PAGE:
If you're seeing this message, it means we're having trouble loading external resources on our website.

If you're behind a web filter, please make sure that the domains *.kastatic.org and *.kasandbox.org are unblocked.

Main content
Current time:0:00Total duration:4:23

Rosso Fiorentino, the Dead Christ with Angels

Video transcript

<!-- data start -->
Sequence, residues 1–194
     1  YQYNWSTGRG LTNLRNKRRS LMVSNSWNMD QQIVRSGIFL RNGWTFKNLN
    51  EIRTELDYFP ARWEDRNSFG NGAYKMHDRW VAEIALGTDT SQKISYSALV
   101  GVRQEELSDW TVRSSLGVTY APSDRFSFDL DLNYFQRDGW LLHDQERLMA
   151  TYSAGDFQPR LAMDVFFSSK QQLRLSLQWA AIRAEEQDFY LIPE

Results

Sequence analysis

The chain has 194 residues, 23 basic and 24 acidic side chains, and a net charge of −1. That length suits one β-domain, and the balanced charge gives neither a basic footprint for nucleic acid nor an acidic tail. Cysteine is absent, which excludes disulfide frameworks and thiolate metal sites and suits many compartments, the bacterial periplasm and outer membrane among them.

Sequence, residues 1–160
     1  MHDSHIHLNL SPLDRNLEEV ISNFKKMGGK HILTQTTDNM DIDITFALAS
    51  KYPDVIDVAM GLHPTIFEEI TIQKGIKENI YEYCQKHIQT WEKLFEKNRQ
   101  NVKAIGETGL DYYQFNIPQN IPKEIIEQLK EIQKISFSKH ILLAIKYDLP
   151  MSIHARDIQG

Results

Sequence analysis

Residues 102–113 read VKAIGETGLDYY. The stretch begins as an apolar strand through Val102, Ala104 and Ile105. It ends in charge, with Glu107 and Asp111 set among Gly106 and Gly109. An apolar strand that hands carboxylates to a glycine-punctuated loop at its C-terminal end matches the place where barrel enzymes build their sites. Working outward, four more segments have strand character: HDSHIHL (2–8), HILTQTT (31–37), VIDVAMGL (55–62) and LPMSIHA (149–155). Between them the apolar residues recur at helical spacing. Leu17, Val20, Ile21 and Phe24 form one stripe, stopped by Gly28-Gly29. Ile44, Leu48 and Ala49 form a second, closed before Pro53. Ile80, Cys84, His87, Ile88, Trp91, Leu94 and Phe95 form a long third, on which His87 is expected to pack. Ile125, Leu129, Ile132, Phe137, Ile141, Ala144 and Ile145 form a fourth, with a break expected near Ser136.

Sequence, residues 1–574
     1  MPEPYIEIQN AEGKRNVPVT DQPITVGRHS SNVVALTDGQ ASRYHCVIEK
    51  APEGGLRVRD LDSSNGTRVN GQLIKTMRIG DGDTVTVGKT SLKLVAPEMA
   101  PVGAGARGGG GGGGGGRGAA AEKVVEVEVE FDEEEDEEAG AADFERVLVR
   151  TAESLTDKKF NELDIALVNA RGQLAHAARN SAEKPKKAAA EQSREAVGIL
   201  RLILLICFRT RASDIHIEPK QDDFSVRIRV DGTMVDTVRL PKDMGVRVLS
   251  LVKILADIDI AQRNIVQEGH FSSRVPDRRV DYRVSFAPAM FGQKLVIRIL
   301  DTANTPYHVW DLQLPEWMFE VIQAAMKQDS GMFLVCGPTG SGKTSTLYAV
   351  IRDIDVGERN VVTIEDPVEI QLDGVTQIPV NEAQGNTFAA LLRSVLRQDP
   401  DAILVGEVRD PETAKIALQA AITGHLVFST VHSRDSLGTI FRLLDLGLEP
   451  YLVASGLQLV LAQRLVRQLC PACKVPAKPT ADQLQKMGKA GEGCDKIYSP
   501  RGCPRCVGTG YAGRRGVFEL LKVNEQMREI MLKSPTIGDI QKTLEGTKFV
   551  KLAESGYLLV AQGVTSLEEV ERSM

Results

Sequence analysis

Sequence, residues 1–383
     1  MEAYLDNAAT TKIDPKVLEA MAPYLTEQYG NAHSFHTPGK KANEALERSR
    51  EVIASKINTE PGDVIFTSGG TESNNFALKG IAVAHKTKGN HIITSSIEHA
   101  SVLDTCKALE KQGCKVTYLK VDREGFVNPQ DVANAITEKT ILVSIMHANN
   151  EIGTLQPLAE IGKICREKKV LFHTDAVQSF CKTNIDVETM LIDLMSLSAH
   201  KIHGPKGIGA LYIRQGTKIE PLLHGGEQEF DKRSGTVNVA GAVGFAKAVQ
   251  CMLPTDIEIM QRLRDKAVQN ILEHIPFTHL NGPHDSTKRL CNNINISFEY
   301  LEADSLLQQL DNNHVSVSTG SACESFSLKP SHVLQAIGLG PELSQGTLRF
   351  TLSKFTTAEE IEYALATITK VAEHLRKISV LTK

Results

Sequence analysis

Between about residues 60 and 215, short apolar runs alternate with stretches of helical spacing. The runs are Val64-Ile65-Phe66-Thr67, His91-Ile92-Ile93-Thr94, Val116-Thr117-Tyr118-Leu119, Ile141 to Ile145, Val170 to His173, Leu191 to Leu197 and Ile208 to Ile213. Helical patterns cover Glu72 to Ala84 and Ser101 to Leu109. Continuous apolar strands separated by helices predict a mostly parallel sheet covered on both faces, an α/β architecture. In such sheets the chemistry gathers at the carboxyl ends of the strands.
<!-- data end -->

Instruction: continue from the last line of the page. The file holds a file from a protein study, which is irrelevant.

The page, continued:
where do you go after the perfection of the high Renaissance exactly if you're an artist in the 1520's looking back at for example Michelangelo's David or Raphael's frescoes in the papal palace how could art be more perfect than it had been made by Michelangelo and Raphael and Leonardo so the style that develops in the courts of Rome immediately after the high Renaissance a period that we call mannerism is defying in fact the strictures of that perfection and is looking towards a kind of virtuosity that has to do with distortion and remaking a form mannerism is borrowing from the high Renaissance but as you said it's changing it and distorting it we can see that in one of the great treasures of the Museum of Fine Arts in Boston by painting by Rosso Ferrentino this painting shows the dead Christ with angels normally we would see much more of an emphasis on Christ's suffering and on the angels mourning the dead body of Christ it's not unusual in manners paintings for us to have elements that are hard to figure out where the iconography has been changed he's really minimized the usual clues we have about Christ's suffering we can't easily see the wounds in Christ's hands or feet even the wound in his side that Christ received while he was on the cross seems devoid of blood all that it's unusual normally an artist would present us with those attributes and really have us meditate on Christ's physical suffering and we're not given those clues here even the angels don't seem to be mourning as they might be in more traditional paintings you can see we're also playing fast and loose in a number of different ways in this painting not only do you have Christ this very large figure in fact almost too large for the size of this canvas surrounded by the four angels that seem almost too close but you have this very indeterminant space pushed very close to the foreground and you have distortions in the relation of the scale of the bodies look at the size and this mass weight of this Dead Christ in relationship to those angels in the background Christ seems way too large almost like he's going to break out of the space that he's in it's been suggested that there's not so much emphasis on Christ's suffering here because there's more of an interest in the idea of Christ's resurrection and perhaps that idea of him breaking the bounds or the confines of this canvas suggests that idea well certainly the two torches held by the Angels are a traditional symbol of the resurrection so that absolutely works but Christ is so interesting here because there's a real sensuality to that body it's a beautiful body and it's got this elegant curvature to it and yet it's also dead and kind of yellow and it's not unusual for Mannerist artists to make art to make paintings based on other paintings and we definitely see that here in the way that also recalls Michelangelo's figures on the Sistine ceiling look at his right thigh it doesn't make any sense it's impossibly long the way that it connects to his hip doesn't seem anatomically plausible and the length to the knee doesn't seem anatomically plausible and even the other thigh is too large for the torso we have a really hard time figuring out how those feet would carry the weight of this body in fact how he's being supported at all so those distortions that you're talking about we've seen so much Mannerist work you might think of parmesan a nose the Madonna of the long neck for example but it's not that this is a mistake it's a manners artist like we're also we're restructuring the body in order to express not only their virtuosity but in a sense to be able to manipulate form as if it was a plastic medium and perhaps to heighten the spirituality of the moment maybe by exaggerating the body or by elongating it or twisting it there's a sense of transcending the earthly in the physical and stylistically we can certainly say that manners artist transcended the strictures the perfection of the high Renaissance you